• You need to be sure that etcd has been quiesced, typically by stopping the etcd process on the etcd member where you intend to perform the backup. Further, to ensure that all in-flight data has been saved, you need to be sure to first freeze the underlying filesystem.
  • The most common approach, albeit resulting in slightly longer recovery times, is to utilize the native etcd command-line tools when backing up by either method, be cognizant of the fact that you are backing up the entire etcd keyspace. It is a complete copy of the state of etcd at the time of backup.
  • Just as with any type of database backup, if the consuming application (in our case, Kubernetes itself) is not quiesced during backup, there may be transient state that has not been consistently applied to the backing store.
  • If you have enabled any Kubernetes Aggregate API servers or have used an etcd-backed Calico implementation (both of which use their own etcd instances), these would not be backed up if you have only targeted the cluster’s primary etcd endpoints.
  • What makes Ark different from the methods we have already described is that it is Kubernetes aware. Instead of blindly backing up etcd data, Ark performs backups by way of the Kubernetes API itself. This ensures that the data is always consistent, and it allows for more selective backup strategies.
  • With partial restoration, Ark allows you to prioritize which resources are restored.
  • Be sure to regularly exercise your ability to completely restore your production systems with fully automated solutions.

Chapter 13: Extending Kubernetes

  • The four types of extensibility are:
    • Cluster daemons for automation
    • Cluster assistants for extended functionality
    • Extending the life cycle of the API server
    • Adding more APIs
  • Cluster daemons have two defining characteristics. The agent needs to run on the Kubernetes cluster itself, and the agent needs to add functionality to the cluster that is automatically provided to all users of the cluster without any action on their part.
  • Typically, these cluster daemons run in a dedicated Namespace so that they are not accessible to users of the cluster
  • Thus, any application that is run within a Kubernetes cluster with a Prometheus cluster agent automatically has metrics collected without any configuration or enablement by the developer.
  • When you run Prometheus within a Kubernetes cluster and configure it to do Kubernetes-based Service discovery, it operates as a cluster daemon and automatically scans all Pods in the cluster for metrics that it should ingest.
  • The less developers have to learn but can instead inherit automatically from their environment, the more likely their applications are to be reliable and secure.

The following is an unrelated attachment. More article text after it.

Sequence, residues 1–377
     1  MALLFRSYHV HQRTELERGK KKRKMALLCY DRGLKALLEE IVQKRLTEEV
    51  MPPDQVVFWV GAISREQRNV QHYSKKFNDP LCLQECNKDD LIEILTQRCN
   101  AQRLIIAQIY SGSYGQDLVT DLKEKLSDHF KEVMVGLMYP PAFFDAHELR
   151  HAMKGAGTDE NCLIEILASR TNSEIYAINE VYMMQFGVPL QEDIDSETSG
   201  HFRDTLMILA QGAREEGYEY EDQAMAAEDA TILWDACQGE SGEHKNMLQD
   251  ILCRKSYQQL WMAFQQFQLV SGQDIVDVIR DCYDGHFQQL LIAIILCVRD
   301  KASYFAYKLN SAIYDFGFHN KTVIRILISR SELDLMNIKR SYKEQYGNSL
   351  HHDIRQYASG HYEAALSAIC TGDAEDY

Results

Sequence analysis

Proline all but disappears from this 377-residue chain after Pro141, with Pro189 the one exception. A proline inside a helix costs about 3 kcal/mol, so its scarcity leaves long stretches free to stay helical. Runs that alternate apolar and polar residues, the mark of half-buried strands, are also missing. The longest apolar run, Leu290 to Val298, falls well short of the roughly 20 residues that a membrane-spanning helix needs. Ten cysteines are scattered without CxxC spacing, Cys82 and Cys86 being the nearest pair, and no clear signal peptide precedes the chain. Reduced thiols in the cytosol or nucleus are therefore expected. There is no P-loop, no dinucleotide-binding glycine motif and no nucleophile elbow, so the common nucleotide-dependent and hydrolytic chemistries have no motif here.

• You cannot just install a cluster daemon on a whim or because of a user’s request. You must be fully committed to operational management and support of that cluster daemon for the lifetime of the cluster.
  • The automatic nature of cluster add-ons is a double-edged sword. Users will quickly come to rely on them, and thus the operational importance of cluster daemon add-ons can be significant.
  • Rather than providing automatic experiences, cluster assistants provide enriched, yet easily accessible, functionality to users of the cluster, but it is functionality that the user must be aware of and must provide appropriate information to enable.
  • Placing code in the API server call path should be done carefully and with monitoring, thought, and planning to ensure that there are not any unanticipated consequences.
  • Most API extensions use custom resource definitions.
  • You need to combine the Kubernetes CustomResourceDefinition with a controller application that watches these custom definitions and then takes action based on resources that the user creates, updates, or destroys.
  • Because a custom resource is a more complicated extension, generally speaking, the Kubernetes configuration consists of multiple objects packaged into a single YAML file.
  • WARNING: When a CustomResourceDefinition is deleted, all of the corresponding resources are also deleted from the cluster’s data store. They cannot be recovered. So, when deleting a custom resource, be careful and make sure to communicate with all end users of that resource before you delete the CustomResourceDefinition.
  • There is significant additional complexity for custom resource definitions’ they use the same storage associated with all of the built-in Kubernetes API objects. As a result, it is possible to impact your API server and cluster operation by storing objects too large and/or numerous in the API server using custom resources.
  • In general, API objects in Kubernetes are intended to be simple configuration objects. They’re not intended to represent large data files.

Chapter 14: Conclusions

  • None